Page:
Intrathecal interleukin-1beta administration induces thermal hyperalgesia by activating inducible nitric oxide synthase expression in the rat spinal cord.Brain Res. 2004 Jul 23; 1015(1-2):145-53.BR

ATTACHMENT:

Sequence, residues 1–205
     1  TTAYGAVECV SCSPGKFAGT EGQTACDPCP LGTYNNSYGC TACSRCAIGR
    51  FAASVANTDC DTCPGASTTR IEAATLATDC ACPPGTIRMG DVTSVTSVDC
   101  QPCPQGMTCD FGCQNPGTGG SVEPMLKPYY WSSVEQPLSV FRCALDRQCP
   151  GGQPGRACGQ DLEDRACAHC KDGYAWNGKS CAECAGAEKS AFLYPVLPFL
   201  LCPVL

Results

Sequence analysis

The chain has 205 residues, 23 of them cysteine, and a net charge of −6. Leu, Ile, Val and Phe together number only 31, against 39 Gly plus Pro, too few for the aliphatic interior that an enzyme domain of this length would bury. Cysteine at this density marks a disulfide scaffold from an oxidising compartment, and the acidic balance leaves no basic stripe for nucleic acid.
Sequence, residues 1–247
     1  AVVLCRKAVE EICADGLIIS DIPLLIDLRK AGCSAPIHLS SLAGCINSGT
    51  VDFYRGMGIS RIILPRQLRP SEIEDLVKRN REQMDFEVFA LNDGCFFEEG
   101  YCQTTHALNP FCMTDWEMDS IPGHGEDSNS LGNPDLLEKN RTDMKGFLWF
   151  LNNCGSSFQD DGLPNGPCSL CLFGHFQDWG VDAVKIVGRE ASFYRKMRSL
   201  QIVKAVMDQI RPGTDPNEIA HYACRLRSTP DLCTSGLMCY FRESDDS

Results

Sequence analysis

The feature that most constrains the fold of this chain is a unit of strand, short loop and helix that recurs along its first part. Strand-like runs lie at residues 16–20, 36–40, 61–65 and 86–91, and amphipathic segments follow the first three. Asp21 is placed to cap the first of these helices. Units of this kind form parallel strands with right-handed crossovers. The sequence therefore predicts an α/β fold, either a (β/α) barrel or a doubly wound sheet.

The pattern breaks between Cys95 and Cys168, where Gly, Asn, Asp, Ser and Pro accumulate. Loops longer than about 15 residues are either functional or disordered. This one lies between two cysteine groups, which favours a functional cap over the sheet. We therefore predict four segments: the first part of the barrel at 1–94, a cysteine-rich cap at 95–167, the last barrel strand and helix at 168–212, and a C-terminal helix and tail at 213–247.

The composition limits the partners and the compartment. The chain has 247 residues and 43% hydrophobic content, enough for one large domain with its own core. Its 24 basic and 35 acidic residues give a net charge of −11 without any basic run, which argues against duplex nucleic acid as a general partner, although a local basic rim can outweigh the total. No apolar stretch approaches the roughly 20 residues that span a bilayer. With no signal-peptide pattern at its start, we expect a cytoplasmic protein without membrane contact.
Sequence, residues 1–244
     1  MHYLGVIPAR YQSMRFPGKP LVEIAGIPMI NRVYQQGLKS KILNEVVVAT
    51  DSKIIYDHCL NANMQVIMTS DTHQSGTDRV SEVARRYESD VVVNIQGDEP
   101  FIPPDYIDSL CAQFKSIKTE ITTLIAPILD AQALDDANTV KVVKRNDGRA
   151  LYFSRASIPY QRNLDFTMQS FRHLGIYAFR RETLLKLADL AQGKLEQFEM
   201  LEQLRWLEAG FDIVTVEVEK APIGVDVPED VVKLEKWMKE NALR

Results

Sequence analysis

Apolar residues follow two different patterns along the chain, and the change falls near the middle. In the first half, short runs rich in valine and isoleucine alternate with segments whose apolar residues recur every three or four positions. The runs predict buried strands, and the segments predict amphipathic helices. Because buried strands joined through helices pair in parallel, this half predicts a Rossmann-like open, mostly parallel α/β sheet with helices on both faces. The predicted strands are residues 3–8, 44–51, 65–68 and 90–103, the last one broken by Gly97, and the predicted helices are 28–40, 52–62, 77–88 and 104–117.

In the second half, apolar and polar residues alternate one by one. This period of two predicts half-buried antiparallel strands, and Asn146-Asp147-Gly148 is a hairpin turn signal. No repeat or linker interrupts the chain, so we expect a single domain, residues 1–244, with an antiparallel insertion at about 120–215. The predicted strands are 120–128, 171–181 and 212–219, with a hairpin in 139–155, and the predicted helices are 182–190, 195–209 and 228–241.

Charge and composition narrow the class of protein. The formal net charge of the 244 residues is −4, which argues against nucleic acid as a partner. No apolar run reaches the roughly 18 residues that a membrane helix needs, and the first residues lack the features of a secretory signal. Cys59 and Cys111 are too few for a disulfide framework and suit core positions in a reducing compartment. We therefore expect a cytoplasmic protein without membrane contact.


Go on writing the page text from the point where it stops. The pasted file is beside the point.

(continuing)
The effect of the pro-inflammatory cytokine interleukin-1beta (IL-1beta) on the inducible nitric oxide synthase-nitric oxide (iNOS-NO) cascade in nociceptive signal transduction was examined in the intact rat spinal cord. All rats were implanted with an intrathecal (i.t.) catheter; some were also implanted with an i.t. microdialysis probe. The paw withdrawal latency to radiant heat was used to assess thermal hyperalgesia. The iNOS protein expression in the spinal cord dorsal horn was examined by western blot analysis and NOS activity assay. NO production in the CSF dialysate was also measured. IL-1beta i.t. (100 ng) produced thermal hyperalgesia from 4 to 24 h after i.t. injection. The iNOS protein expression was induced at 4 h after i.t. IL-1beta injection, peaked at the 6th hour, and disappeared at 24 h. The iNOS activity showed a similar time-dependent change as the iNOS protein expression. NO release increased by 1.1- to 1.9-fold between 4 and 12 h, also with a peak at the 6th hour, after i.t. IL-1beta administration. Pretreatment with the iNOS inhibitor 1400W (10 microg, i.t.) 1 h before i.t. IL-1beta injection prevented all the responses of IL-1beta. Neither 1400W nor artificial CSF (aCSF) affected the thermal nociceptive threshold and NO production. These results demonstrate that i.t. administration of IL-1beta induced thermal hyperalgesia by activating the iNOS-NO cascade in the rat spinal cord. On the basis of the present findings, we suggest that i.t. administration of iNOS inhibitors may have potential in the treatment of inflammatory and neuropathic pain syndromes.